[Marxism] MeToo solidarity must extend to working class women

Dennis Brasky dmozart1756 at gmail.com
Fri Dec 8 01:58:25 MST 2017


Sexual harassment is both a labor and gender justice issue. After all, the
workplace is the epicenter of women’s recent outrage about sexual
harassment and assault. Hollywood titans, respected reporters, and
celebrity chefs all used their power over women’s paychecks in order to
gain power over their bodies. Women (and some men) have responded by
speaking out individually, yet their inspiration is decidedly collective;
strength in numbers is what’s fueling the revelatory headlines. Women’s
#MeToo tsunami, in fact, is perhaps the largest collective labor action of
the early twenty-first century.  In order for this riveting social movement
to have a lasting impact, #MeToo solidarity must impact more than the
elite. Workplace culture and expectations must shift for average,
working-class women, too.

While Hollywood actresses and elite journalists dominate the headlines
about sexual harassment, research reveals that working-class women are the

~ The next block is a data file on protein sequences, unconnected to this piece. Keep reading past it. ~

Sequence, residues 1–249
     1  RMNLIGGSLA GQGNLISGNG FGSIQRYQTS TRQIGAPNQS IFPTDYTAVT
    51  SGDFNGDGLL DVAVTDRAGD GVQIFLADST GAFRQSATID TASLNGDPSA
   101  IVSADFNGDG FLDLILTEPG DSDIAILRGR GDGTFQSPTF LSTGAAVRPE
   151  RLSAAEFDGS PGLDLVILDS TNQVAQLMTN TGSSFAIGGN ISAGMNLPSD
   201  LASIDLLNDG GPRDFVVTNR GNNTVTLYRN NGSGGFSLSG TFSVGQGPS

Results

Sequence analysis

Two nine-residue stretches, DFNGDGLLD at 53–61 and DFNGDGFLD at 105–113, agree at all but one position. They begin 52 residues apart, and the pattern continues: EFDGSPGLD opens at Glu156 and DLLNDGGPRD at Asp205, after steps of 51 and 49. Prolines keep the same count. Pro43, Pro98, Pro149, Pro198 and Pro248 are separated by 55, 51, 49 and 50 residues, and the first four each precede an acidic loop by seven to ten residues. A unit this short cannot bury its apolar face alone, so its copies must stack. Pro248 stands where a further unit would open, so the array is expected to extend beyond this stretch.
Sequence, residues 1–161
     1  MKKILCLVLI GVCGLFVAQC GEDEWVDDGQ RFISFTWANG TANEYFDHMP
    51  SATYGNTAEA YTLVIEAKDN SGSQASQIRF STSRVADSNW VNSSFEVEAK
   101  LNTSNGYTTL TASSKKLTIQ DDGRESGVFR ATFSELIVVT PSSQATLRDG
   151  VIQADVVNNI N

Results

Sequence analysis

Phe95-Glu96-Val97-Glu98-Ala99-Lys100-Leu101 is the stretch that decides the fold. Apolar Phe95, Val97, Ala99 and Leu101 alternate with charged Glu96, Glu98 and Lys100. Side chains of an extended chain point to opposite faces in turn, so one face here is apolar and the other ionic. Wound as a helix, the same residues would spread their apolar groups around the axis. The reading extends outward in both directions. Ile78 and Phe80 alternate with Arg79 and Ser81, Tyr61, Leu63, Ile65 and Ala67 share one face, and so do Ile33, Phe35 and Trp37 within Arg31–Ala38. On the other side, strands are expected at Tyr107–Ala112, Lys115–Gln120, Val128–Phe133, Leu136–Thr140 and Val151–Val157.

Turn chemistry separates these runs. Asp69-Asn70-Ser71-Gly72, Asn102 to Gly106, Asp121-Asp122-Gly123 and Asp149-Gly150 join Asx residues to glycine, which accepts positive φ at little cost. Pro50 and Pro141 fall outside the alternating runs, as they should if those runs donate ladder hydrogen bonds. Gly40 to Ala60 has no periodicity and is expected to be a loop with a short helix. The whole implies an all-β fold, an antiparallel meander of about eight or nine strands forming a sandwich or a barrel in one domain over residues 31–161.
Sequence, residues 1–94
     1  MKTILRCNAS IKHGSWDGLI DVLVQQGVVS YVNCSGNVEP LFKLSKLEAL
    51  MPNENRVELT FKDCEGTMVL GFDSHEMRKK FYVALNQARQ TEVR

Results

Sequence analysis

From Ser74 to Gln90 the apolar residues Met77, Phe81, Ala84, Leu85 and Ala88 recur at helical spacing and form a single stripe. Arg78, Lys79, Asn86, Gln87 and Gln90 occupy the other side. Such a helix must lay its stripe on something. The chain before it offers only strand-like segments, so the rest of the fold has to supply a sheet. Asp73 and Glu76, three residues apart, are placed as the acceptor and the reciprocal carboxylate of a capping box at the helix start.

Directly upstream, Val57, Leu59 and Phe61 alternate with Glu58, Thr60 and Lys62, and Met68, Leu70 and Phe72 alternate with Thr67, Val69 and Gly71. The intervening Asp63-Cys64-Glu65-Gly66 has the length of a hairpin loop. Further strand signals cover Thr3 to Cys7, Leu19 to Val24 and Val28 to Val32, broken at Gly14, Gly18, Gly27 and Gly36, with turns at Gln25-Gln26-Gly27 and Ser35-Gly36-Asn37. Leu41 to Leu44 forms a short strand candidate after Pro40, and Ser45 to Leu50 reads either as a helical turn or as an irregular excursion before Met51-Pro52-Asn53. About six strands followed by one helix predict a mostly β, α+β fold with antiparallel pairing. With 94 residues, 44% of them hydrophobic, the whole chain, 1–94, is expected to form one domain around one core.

most likely victims of workplace sexual intimidation and assault. The Center
for American Progress
<https://www.americanprogress.org/issues/women/news/2017/11/20/443139/not-just-rich-famous/>
looked
at a decade’s worth of EEOC claims and found that waitresses and retail
clerks are the most likely to face sexual harassment on the job, followed
closely by manufacturing workers and those in health care.  A full 80
percent of restaurant workers
<http://rocunited.org/wp-content/uploads/2014/10/REPORT_TheGlassFloor_Sexual-Harassment-in-the-Restaurant-Industry.pdf>
deal
with harassment on the job, including two-thirds who have to fend off
management predators. Women are the most likely to work low-wage jobs
<https://nwlc.org/wp-content/uploads/2017/08/Low-Wage-Jobs-are-Womens-Jobs.pdf>
where
power imbalances are sharpest, and that’s especially true for women of
color.



Effective solutions to workplace sexual abuse must empower women on the
job, especially young, working-class women who are the most vulnerable. The
Restaurant Opportunities Centers (ROC) United is playing a leading role,
demanding an end to the sub-minimum wage that leave so many tipped workers
vulnerable to intimidation.  Jane Fonda and Lily Tomlin have even joined
the group’s crusade, speaking out
<https://www.georgetown.edu/news/jane-fonda-kalmanovitz-initiative-event>
 and posting viral videos
<https://hellogiggles.com/celebrity/jane-fonda-lily-tomlin-take-on-sexual-harassment-restaurant-industry/>
on
the topic.

 https://workingclassstudies.wordpress.com/2017/12/04/metoo-solidarity/



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